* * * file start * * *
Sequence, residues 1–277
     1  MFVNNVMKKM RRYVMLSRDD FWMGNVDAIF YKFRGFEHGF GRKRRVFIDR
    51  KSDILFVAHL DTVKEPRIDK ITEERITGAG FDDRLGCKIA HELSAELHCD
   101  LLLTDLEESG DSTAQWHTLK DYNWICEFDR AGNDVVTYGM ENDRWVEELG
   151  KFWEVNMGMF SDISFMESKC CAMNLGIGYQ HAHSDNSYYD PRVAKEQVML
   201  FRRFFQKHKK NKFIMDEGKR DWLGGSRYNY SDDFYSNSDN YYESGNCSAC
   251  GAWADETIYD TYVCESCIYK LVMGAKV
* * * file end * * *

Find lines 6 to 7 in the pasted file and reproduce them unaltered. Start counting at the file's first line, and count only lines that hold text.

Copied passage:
   201  FRRFFQKHKK NKFIMDEGKR DWLGGSRYNY SDDFYSNSDN YYESGNCSAC
   251  GAWADETIYD TYVCESCIYK LVMGAKV